Promise Grants Send $1.3 Million To Rural School Districts

By Mary Schulken — September 24, 2010 2 min read
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Three of 21 Promise Neighborhood Grants for 2010 rolled out this week by the U.S. Department of Education target primarily rural communities and will be used to plan development of cradle-to-career services in Kentucky, Mississippi, and Wyoming that strengthen learning and children’s health.

Those three grants total $1.3 million, compared with $7.7 million that will go to grantees in metropolitan areas and small cities.

The 21 Promise Neighborhoods grantees are located in 19 cities and 12 states, and the District of Columbia. Three grantees are institutions of higher education, and the other 18 are nonprofit organizations.

Two grantees focus on heavily rural communities.

  • Berea College, in Kentucky, received $500,000 to engage the community in planning an array of education services in Clay, Jackson, and Owsley counties, three counties with poverty rates among the highest in the nation, according to the Rural School and Community Trust. Read the grant application here.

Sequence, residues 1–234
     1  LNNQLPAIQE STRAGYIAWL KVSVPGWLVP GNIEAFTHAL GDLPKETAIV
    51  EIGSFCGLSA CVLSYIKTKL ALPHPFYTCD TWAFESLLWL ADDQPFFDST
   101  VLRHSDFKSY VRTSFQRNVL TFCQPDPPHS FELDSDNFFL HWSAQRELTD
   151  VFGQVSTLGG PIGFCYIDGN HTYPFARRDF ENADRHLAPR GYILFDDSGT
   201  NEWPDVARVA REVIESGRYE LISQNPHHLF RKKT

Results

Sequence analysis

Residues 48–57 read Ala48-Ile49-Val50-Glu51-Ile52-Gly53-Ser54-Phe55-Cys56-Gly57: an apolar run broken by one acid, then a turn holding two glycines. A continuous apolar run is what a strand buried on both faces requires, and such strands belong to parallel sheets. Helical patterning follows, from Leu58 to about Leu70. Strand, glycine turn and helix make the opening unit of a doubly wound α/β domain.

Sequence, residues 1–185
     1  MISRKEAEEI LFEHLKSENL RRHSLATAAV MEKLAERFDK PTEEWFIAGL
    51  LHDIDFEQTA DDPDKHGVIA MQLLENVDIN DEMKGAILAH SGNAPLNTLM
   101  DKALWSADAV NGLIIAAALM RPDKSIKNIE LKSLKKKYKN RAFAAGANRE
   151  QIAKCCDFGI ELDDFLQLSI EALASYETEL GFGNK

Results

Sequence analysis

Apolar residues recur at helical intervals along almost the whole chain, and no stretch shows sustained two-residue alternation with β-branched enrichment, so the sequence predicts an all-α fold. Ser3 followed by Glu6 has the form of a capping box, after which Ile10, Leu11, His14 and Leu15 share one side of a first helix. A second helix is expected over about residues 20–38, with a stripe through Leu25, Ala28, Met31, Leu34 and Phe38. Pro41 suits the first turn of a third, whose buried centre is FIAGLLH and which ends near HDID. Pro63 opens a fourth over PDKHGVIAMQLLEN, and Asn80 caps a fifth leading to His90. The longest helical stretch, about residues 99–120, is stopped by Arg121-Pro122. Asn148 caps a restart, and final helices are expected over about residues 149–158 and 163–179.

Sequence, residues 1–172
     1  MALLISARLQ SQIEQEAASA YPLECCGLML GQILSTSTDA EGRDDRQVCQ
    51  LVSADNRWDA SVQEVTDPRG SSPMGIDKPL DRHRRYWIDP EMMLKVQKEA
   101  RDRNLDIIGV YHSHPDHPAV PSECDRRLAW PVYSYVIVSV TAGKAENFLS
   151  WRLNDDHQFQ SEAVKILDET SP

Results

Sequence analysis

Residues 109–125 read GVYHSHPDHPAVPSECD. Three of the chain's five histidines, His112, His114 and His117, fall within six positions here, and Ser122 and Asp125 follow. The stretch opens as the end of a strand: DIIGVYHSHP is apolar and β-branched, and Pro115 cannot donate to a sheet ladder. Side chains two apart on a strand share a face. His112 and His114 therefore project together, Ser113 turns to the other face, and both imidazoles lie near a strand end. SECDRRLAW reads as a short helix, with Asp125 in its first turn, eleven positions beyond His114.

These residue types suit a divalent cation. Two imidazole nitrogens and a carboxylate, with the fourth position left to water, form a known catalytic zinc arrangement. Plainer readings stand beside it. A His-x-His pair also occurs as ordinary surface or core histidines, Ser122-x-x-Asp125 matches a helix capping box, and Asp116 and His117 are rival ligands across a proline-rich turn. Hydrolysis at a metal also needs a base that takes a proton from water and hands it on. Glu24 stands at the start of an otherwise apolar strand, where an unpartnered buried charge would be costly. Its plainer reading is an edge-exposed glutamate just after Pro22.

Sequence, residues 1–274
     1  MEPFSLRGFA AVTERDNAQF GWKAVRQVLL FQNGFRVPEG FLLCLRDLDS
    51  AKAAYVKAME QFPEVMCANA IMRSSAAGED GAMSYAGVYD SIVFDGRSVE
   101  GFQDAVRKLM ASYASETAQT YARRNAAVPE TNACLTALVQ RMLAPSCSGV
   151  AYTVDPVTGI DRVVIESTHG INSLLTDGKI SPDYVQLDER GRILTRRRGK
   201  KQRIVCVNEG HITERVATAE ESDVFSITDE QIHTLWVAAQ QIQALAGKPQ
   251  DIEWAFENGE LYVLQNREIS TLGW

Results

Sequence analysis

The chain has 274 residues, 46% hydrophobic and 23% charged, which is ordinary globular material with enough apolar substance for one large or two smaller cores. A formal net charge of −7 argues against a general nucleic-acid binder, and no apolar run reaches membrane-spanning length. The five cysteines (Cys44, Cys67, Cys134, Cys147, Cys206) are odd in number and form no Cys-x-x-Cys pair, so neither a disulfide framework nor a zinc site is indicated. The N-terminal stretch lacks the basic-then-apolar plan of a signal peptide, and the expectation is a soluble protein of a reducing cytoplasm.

• The Delta Health Alliance, in Sunflower County, received $332,531 to target Indianola, Miss., in the heart of the Mississippi Delta. The participating school system is currently under state supervision after ongoing failure to meet state standards. Read the grant application here.

Another grantee serves a rural tribal community.

  • The Boys & Girls Club of the Northern Cheyenne Nation received $499,679 to target a neighborhood within the territorial boundaries of the Northern Cheyenne Reservation and the bordering towns of Colstrip and Ashland, Mont. The “neighborhood” has high rates of substance abuse, mobility, illness and unemployment. It will use the money to conduct a needs assessment and analysis of residents up to age 25. Read the grant application here.

“We’re hoping we can bring families back together,” Geri Small, chief professional officer for the non-profit, told the Associated Press.

The Promise Neighborhoods program aims at distressed communities and focuses on grantees and partner organizations who will plan to provide services for early learning to college and career, including programs to improve the health, safety, and stability of neighborhoods, and boost family engagement in student learning.

President Barack Obama has requested $210 million for the program in his fiscal 2011 budget, including $200 million to support implementation of Promise Neighborhood projects and $10 million for planning grants for new communities.

A version of this news article first appeared in the Rural Education blog.